Garden of Eden, anyone? via Nathan Hartman
I do get Garden of Eden references throughout the film. Jean's alter ego is named Eve and she is a temptress trying to lure the innocent and unknowing Charles. In the opening of the film we learn that while Charles is a brewery heir, his main passion lies in reptiles. He is a snake enthusiast "in pursuit of knowledge" about these creatures. He even brings a snake onto the ship on which Charles and Jean first meet. Jean gets Charles' attention by bonking him in the head with an apple. Then repeatedly we see him falling, both figuratively and literally, for Jean/Eve. While this theme is obvious it is pretty much ignored by most comtemporary reviews and discussions of this film. Everyone just comments on the hilarity of the movie and the outstanding performances, both of which I obviously missed.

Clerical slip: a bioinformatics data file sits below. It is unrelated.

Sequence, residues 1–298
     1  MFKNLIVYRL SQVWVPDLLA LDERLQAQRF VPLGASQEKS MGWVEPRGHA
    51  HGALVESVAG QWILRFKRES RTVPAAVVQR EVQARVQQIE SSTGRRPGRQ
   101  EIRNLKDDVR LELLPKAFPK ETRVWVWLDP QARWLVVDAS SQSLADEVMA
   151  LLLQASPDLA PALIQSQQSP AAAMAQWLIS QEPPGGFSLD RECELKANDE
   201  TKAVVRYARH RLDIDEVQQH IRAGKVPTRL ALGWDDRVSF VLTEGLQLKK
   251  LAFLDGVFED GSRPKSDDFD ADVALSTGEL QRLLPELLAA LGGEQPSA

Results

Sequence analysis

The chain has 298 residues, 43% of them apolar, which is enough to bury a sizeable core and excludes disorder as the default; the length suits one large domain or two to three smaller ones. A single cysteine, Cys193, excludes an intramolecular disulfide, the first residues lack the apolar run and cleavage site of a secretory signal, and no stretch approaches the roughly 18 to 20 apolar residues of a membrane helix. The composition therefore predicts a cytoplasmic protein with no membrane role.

Interesting note: Jean's main con is that she is a card sharp so she cheats people out of money during card games on cruiseliners. I always thought the term was "card shark," but everything I was reading about this film kept referring to her as a "card sharp." I started feeling like I had possibly misheard, and therefore was misusing, this popular turn of phrase. I had a friend in high school who swore another popular phrase was "I'll give it a world" and could not be convinced otherwise. How embarassing. Luckily, our favorite myth-busting website, Snopes, has an article about this etymological quandry. Evidently, both are correct and there is much dispute over which word originated first, but "card shark" in a more inclusive term which can be used to describe people skilled at cheating in cards or skilled at simply playing cards and is not necessarily pejorative, while "card sharp" is only used in the negative sense. Good to know.

Have you seen this movie? What did you think? Am I way off base by being thoroughly unimpressed?